Brief Fact Summary.
A class action suit was filed Plaintiffs against Defendant. The complaint alleged that Defendant’s Argentinian subsidiary, Mercedes-Benz Argentina, committed several human rights violations. Jurisdiction over the lawsuit was predicated on the California contacts of Mercedes-Benz USA, LLC (MBUSA), a subsidiary of Daimler incorporated in Delaware with its principal place of business in New Jersey.
Synopsis of Rule of Law.
A court can assert general jurisdiction over a corporation if the corporation’s contacts with the forum state are so continuous and systematic as to render the corporation at home in the state.
Congress may abrogate the sovereign immunity of the States if Congress has unequivocally expressed its intent to abrogate the immunity and has acted pursuant to a valid exercise of power.View Full Point of Law
Plaintiffs brought suit against Defendant in the United States District Court for the Northern District of California. Plaintiffs alleged that Mercedes-Benz Argentina (MBA), a Daimler’s subsidiary, collaborated with Argentinian forces to kidnap, torture, and kill MBA workers during an Argentinian war. These workers were the plaintiffs or persons closely related to the plaintiffs. Daimler was a German company. MBA’s alleged actions took part solely outside of the United States. Plaintiffs based their claims of the district court’s jurisdiction on Daimler’s subsidiary, Mercedes-Benz USA, LLC (MBUSA), which was incorporated in Delaware and had its principal place of business in New Jersey. MBUSA distributed Daimler cars to all 50 states and had various facilities and offices in California. Daimler filed a motion to dismiss the claims based on lack of personal jurisdiction. The district court granted Defendant’s motion to dismiss. Plaintiffs appealed. The United States Court of Appeals for the Ninth Circuit affirmed and later reversed. The United States Supreme Court granted certiorari.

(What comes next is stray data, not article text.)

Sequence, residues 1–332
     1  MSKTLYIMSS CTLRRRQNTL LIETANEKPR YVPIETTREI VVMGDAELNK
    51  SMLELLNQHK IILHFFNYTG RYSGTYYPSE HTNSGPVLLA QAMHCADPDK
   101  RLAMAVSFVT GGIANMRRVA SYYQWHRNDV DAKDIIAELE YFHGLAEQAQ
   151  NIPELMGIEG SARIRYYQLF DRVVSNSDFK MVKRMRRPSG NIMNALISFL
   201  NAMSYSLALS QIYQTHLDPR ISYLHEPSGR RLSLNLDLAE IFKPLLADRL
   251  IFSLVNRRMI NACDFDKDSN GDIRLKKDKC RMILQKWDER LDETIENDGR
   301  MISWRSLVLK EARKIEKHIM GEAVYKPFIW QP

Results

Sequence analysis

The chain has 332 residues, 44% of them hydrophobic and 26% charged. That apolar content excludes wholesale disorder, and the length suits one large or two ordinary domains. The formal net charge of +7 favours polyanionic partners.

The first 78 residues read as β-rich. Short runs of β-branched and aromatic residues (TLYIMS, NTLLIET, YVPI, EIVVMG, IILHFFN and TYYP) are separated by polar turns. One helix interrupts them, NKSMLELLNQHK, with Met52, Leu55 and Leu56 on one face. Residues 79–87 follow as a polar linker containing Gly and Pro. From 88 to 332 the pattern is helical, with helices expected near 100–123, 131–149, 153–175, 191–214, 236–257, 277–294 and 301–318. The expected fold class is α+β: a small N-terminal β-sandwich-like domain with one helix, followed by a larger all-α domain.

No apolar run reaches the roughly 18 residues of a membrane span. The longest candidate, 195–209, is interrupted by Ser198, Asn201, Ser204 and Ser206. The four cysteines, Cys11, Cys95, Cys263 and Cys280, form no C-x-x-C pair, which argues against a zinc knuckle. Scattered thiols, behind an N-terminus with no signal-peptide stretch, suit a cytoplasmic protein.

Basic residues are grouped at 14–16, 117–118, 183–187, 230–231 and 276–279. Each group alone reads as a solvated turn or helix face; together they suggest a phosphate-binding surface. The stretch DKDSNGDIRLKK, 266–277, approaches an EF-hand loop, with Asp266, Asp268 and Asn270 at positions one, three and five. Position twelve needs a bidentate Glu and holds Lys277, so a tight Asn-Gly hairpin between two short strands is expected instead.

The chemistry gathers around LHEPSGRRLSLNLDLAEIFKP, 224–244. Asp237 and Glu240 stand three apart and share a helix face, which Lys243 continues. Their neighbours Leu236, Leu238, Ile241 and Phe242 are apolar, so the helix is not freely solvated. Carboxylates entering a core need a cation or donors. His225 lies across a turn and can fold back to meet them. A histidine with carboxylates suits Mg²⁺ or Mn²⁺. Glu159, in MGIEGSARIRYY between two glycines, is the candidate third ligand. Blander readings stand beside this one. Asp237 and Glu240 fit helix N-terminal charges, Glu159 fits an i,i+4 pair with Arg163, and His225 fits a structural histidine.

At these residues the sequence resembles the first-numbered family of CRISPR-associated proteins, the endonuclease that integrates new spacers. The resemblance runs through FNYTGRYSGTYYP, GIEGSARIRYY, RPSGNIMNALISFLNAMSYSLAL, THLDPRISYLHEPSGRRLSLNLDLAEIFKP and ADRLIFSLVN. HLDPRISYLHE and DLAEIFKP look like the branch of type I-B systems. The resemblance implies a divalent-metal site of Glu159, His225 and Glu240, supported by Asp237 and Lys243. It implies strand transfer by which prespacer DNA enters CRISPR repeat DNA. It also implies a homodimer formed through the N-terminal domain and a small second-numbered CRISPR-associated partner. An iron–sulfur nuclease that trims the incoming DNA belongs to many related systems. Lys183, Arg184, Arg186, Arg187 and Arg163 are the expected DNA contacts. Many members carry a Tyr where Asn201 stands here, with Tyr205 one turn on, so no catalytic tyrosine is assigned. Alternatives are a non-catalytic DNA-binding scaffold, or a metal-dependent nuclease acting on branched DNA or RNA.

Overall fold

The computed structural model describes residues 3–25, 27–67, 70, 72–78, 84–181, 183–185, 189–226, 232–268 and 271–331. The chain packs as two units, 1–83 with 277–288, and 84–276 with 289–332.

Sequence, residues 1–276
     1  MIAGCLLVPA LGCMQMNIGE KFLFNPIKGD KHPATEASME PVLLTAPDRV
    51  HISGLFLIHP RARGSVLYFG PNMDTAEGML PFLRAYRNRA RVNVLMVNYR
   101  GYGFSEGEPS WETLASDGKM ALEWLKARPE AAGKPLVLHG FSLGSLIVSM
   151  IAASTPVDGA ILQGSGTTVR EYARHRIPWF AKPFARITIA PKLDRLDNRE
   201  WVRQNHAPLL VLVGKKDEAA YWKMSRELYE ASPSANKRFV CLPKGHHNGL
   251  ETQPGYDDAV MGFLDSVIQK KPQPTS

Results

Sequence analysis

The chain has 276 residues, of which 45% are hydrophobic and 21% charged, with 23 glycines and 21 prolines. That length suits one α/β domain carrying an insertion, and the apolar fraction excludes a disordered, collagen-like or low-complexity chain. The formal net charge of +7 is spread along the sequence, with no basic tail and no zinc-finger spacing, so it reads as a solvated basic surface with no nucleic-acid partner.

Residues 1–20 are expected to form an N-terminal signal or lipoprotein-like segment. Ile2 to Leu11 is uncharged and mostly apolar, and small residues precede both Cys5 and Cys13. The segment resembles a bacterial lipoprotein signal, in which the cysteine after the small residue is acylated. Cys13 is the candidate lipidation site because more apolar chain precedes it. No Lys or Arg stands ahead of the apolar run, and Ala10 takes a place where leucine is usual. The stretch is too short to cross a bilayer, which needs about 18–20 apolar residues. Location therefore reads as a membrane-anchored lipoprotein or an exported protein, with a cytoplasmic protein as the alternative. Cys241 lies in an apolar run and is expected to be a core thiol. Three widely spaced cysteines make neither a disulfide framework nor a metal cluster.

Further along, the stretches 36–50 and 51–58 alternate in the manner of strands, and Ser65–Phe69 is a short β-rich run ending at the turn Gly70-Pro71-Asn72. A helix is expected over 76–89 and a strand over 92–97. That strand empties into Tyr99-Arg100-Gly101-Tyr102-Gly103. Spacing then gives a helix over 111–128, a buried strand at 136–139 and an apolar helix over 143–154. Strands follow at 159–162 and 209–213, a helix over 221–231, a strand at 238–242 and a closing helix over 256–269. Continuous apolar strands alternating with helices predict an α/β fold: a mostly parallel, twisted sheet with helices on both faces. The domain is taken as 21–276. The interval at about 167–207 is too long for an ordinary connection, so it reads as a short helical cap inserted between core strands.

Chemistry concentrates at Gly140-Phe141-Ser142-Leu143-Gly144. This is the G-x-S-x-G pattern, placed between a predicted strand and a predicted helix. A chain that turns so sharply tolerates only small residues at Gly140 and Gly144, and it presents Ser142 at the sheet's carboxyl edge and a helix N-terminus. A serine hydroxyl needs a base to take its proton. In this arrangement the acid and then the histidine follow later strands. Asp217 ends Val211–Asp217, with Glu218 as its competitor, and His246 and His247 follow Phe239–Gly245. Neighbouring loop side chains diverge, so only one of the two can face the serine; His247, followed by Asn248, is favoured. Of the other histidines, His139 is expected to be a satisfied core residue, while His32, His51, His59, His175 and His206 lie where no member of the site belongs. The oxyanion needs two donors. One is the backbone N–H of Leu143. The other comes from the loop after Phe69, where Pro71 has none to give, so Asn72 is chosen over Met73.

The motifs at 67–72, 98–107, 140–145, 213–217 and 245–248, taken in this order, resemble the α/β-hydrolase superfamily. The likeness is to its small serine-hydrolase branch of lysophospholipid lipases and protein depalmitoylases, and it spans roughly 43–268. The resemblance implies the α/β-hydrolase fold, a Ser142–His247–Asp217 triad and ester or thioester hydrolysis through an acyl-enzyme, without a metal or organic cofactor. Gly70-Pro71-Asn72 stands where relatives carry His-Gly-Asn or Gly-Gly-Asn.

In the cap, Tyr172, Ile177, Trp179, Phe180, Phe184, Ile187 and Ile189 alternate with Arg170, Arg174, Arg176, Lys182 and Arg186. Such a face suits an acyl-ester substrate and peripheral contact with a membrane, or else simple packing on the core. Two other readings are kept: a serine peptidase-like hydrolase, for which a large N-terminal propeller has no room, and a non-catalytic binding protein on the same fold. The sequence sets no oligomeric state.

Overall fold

Does a state court have jurisdiction over a claim against a foreign corporation that does not conduct any form of business within the state?
The court is correct that the exercise of jurisdiction over Daimler is improper given the unique circumstances of this case. However, the court did not grant certiorari to decide the general jurisdiction issue. No court has previously considered the issue this case. By addressing this issue, the court created a new legal principle that lacked precedential support. The court should instead reverse the lower court’s decision on the narrower ground that exercising jurisdiction over Daimler would be unreasonable.
A court can assert general jurisdiction over a corporation if the corporation’s affiliations with the forum state are so continuous and systematic as to render the corporation at home in the state. Examples of contacts include a corporation’s place of incorporation and principal place of business. International Shoe Co. v. Washington, 326 U.S. 310 (1945), stated that such activities must be so substantial that they justify bringing suit “on causes of action arising from dealings entirely distinct from those activities.” Here, Daimler’s contacts with California were not so substantial that they justified this suit being heard there. Daimler and MBUSA were incorporated and had their principal places of business outside of California. Although MBUSA distributed cars to and maintains offices in California, MBUSA distributed cars to every state. If the court were to grant the district court general jurisdiction based on that affiliation, this suit could also theoretically be heard in every state. Thus, the affiliations of MBUSA and Daimler with California are not so continuous and systematic as to render the companies at home in California. Therefore, the court of appeals erred by granting the district court general jurisdiction over this suit and its decision was reversed.